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Radical Reading: Dirty River

Confession time: I’ve actually had the book reviewed below for quite a while, and with apologies to the Arsenal Pulp folks. I spent so much time thinking about it and how to write about it that this blog has been stalled out for a while as I go through that process. But hopefully, better late than never, as it’s a volume I think many of you should absolutely pick up.

cover of Dirty River, drawing of a brown femme with a flower in her hair, leaning on a cane next to train tracks with industrial buildings in the background and a river flowing from themOne of my favorite poets, Leah Lakshmi Piepzna-Samarasinha, recently released a memoir that is somehow both a gut punch and a sweet femme-of-color lullaby, telling a story that is neither completely linear nor what you might expect from what frames itself as a survivor’s tale, but bursting with sense memory and relevance—particular for QPOC and migrant readers. Dirty River (published by Arsenal Pulp Press) focuses mainly on a period of Piepzna-Samarasinha’s life in the late 90s where she lived in Toronto struggling with both poverty and relationship abuse, but it is neither a sob story nor a clichéd “overcoming adversity” narrative. The complexities of the story are conveyed with a tight relationship to geography, the confusing nature of memory, and a sense of celebration for queer brown crip femme survival.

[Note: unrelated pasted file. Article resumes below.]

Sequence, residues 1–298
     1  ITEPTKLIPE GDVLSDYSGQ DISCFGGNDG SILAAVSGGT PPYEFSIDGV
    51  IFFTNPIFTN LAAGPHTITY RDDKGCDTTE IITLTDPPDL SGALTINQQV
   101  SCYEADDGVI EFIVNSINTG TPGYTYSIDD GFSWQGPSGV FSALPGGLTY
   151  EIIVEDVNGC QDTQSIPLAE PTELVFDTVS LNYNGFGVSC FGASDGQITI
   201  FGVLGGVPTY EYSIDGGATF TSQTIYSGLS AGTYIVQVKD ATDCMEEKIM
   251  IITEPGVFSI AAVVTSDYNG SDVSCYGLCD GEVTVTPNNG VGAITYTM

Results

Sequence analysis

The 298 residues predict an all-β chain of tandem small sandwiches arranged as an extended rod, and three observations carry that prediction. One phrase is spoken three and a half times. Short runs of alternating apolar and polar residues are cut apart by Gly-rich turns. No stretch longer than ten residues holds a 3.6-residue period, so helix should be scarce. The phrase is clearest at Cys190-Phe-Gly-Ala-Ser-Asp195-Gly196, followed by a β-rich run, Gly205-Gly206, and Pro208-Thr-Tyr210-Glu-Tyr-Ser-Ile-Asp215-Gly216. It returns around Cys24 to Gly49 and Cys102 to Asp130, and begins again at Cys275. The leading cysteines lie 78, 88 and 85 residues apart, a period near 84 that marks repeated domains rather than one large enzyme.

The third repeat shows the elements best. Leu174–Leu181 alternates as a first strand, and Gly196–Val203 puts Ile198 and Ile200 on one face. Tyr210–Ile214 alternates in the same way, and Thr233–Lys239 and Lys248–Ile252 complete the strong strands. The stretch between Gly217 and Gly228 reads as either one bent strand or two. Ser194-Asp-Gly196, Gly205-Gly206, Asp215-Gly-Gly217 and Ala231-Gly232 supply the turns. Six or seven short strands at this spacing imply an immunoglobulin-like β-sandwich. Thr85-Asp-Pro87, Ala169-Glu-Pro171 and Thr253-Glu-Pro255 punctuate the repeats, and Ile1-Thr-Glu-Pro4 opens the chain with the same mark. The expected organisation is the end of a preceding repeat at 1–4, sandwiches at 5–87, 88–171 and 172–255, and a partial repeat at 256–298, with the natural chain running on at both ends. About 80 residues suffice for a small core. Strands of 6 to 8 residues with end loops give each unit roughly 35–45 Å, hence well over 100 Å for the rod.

Like many great books, particularly those by women of color, this memoir made me think about the nature of storytelling. The path to healing is often not very simple, and this story wrestles with that. It’s a narrative complement to all the great radical books on violence in the context of racism and colonialism published in recent years — with all the references to Courage to Heal in the text, I actually found myself thinking much more about how Piepzna-Samarasinha’s story lines up with the lessons of The Revolution Starts at Home. 

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